The Devil All the Time

The Devil All the Time

A Novel

Book - 2012 | First Anchor Books edition.
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Now a Netflix film starring Tom Holland and Robert Pattinson

A dark and riveting vision of 1960s America that delivers literary excitement in the highest degree.

In The Devil All the Time , Donald Ray Pollock has written a novel that marries the twisted intensity of Oliver Stone's Natural Born Killers with the religious and Gothic over­tones of Flannery O'Connor at her most haunting.

Set in rural southern Ohio and West Virginia, The Devil All the Time follows a cast of compelling and bizarre characters from the end of World War II to the 1960s. There's Willard Russell, tormented veteran of the carnage in the South Pacific, who can't save his beautiful wife, Charlotte, from an agonizing death by cancer no matter how much sacrifi­cial blood he pours on his "prayer log." There's Carl and Sandy Henderson, a husband-and-wife team of serial kill­ers, who troll America's highways searching for suitable models to photograph and exterminate. There's the spider-handling preacher Roy and his crippled virtuoso-guitar-playing sidekick, Theodore, running from the law. And caught in the middle of all this is Arvin Eugene Russell, Willard and Charlotte's orphaned son, who grows up to be a good but also violent man in his own right.

Donald Ray Pollock braids his plotlines into a taut narrative that will leave readers astonished and deeply moved. With his first novel, he proves himself a master storyteller in the grittiest and most uncompromising American grain.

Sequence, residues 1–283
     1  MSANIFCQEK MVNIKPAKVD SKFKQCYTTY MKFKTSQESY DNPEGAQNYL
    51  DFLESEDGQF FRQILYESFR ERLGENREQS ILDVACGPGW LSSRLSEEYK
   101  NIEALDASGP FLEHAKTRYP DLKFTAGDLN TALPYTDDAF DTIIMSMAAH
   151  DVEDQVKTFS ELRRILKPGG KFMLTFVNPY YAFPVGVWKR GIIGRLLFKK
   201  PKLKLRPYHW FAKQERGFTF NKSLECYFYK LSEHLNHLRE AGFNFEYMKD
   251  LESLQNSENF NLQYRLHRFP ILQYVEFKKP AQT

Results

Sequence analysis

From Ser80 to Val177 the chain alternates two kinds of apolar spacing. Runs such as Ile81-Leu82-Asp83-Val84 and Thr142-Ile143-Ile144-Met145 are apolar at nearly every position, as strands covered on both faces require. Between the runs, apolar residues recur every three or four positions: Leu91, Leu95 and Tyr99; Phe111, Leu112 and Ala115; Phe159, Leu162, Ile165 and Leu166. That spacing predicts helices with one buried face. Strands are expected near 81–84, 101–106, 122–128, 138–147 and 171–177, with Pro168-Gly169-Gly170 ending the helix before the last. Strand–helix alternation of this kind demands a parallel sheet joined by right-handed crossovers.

Publisher: New York : Anchor Books, [2012]
Edition: First Anchor Books edition.
Copyright Date: ©2011
ISBN: 9780307744869
Branch Call Number: FIC Pollo
Characteristics: 307 pages.


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🕷 If you want your hillbillies sugar-coated, you can read "Hillbilly Elegy." This is the real 120 proof white lightnin', and the recent movie, narrated by the author, is possibly more disturbing than the book. Be warned, there are no likable characters in the book or the movie, the only glimpse of a happy ending is that one character gets out alive, and there is religious madness, hypocrisy, and spider handling. One thing that never gets an explanation, is how Willard manages to bring a German pistol back from fighting the Japanese in the Pacific. But Chekov's Rule is obeyed. If a pistol is brought on screen in the first act, it has to be fired in the third act. A special tip of the Observer's hat to the loathsome Preacher Teagardin.
Hint: He traded a Japanese sword for the Luger right before he was discharged.

Apr 08, 2020

Whew. Not for the faint-hearted. This extremely violent, sickly beautiful book grabs you from the first sentence and never lets go. A loosely connected (the connections eventually tighten) group of characters in post-WWII Ohio and West Virginia live existences of desperation and depravity, with an unsettling overhang of twisted religiosity. Redemption seems impossible for almost all of these people, but Pollock gives you moments of sympathy -- before he punches you in the kidneys once again. The punishment and darkness never lets up. But, for a reader who can bear with the brutality, the payoff is huge: this is an extraordinary, breathless, unique, and unforgettable reading experience.

Sep 12, 2018

Shocking, brutal, intense book with strange characters taking place in most parts in rural Ohio stretching from the post second world war to the 60-s. The stories are interwoven with a "come together" ending. A hard-to-put-down crime fiction written in an excellent style.

SnoIsleLib_MichaelG Jun 30, 2018

Pollock grabbed me by the collar in the first chapter and never let go. The Devil All the Time combines the smooth prose of Elmore Leonard , the merciless brutality of Cormac Mccarthy, and the redemptive flavor of Flannery O'Conner to create a tight, vicious novel.

Jan 28, 2017

"Arvin didn't know which was worse, the drinking or the praying. As far back as he could remember, it seemed that his father had fought the Devil all the time."